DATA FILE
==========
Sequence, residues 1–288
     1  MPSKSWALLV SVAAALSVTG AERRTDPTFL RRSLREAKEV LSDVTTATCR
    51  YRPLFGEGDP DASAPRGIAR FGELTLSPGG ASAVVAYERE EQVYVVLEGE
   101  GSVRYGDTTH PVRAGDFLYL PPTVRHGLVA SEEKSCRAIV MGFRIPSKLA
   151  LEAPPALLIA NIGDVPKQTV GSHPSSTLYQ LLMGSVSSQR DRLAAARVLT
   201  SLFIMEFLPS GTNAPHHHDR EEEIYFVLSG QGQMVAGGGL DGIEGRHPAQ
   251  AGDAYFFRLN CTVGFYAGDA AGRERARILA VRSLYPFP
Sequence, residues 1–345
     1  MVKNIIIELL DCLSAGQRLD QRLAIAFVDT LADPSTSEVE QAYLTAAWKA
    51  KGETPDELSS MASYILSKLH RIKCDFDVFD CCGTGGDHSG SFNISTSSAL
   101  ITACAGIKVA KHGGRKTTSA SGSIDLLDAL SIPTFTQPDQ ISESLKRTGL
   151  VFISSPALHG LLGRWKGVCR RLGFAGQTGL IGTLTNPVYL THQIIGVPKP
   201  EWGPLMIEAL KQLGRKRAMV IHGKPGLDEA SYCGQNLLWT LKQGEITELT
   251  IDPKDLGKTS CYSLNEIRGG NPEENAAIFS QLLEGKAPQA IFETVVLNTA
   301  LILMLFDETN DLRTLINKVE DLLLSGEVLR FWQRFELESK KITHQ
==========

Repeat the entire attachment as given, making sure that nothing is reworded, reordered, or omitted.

Sequence, residues 1–288
     1  MPSKSWALLV SVAAALSVTG AERRTDPTFL RRSLREAKEV LSDVTTATCR
    51  YRPLFGEGDP DASAPRGIAR FGELTLSPGG ASAVVAYERE EQVYVVLEGE
   101  GSVRYGDTTH PVRAGDFLYL PPTVRHGLVA SEEKSCRAIV MGFRIPSKLA
   151  LEAPPALLIA NIGDVPKQTV GSHPSSTLYQ LLMGSVSSQR DRLAAARVLT
   201  SLFIMEFLPS GTNAPHHHDR EEEIYFVLSG QGQMVAGGGL DGIEGRHPAQ
   251  AGDAYFFRLN CTVGFYAGDA AGRERARILA VRSLYPFP
Sequence, residues 1–345
     1  MVKNIIIELL DCLSAGQRLD QRLAIAFVDT LADPSTSEVE QAYLTAAWKA
    51  KGETPDELSS MASYILSKLH RIKCDFDVFD CCGTGGDHSG SFNISTSSAL
   101  ITACAGIKVA KHGGRKTTSA SGSIDLLDAL SIPTFTQPDQ ISESLKRTGL
   151  VFISSPALHG LLGRWKGVCR RLGFAGQTGL IGTLTNPVYL THQIIGVPKP
   201  EWGPLMIEAL KQLGRKRAMV IHGKPGLDEA SYCGQNLLWT LKQGEITELT
   251  IDPKDLGKTS CYSLNEIRGG NPEENAAIFS QLLEGKAPQA IFETVVLNTA
   301  LILMLFDETN DLRTLINKVE DLLLSGEVLR FWQRFELESK KITHQ